Unsurprisingly, Big Asian Tech is also represented among Philippine digibanks, though not as overtly as in neighboring economies. Maya Bank (formerly PayMaya) is the sole licensed online lender to be backed by a massive platform company, in this case, Tencent. In recent years, Maya Bank has steadily built up its userbase, which has reached 47 million people. As of late 2021, it had 250,000 digital finance access touchpoints (such as convenience stores), where users can top up their accounts. Since these touchpoints are more prevalent than ATMs and physical bank branches, Maya Bank’s services are more accessible than those of traditional banks in the Philippines’ rural areas.
Long a main rival of Maya Bank, Alibaba-backed Mynt, operator of the GCash e-wallet, is pursuing a different strategy than the Tencent-backed firm. GCash is foregoing a digital banking license and instead choosing to rely on a network of partners to offer most of its banking services.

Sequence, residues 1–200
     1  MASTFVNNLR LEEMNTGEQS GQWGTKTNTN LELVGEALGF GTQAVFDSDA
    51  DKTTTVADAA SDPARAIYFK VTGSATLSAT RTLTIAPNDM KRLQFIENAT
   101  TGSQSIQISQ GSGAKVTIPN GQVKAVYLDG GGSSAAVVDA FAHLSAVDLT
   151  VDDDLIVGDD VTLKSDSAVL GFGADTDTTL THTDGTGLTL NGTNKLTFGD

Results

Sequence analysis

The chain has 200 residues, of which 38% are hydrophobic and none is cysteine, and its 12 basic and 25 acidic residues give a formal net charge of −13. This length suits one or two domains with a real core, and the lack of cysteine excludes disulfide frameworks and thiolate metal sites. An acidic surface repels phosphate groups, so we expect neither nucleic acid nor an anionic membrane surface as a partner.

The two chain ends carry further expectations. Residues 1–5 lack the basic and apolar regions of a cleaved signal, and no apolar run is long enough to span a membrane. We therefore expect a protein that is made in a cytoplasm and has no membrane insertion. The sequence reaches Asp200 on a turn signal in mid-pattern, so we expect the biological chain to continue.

“Even without the digital banking license we are already able to offer a full suite of financial services,” Mynt CEO and president Martha Sazon said in November, adding that GCash’s strategy allows it to be “more flexible - whether we want to originate our own loans or partner with other banks.” The loans GCash can offer independently max out at 25,000 pesos (about US$480).
While that business model may allow GCash to offer a broader selection of services, its operational costs will also be higher than licensed digital lenders. This could make profitability – never an easy milestone for a digibank to reach – elusive for GCash.
Meanwhile, in mid-May Deal Street Asia reported that Singapore’s Sea Group would likely launch a digital bank in the Philippines in June. Given that the BSP said it would not issue any additional digital banking licenses until 2024, then Sea would need to acquire a banking license through a partnership with an incumbent lender to begin operations earlier.
The challenge for incumbents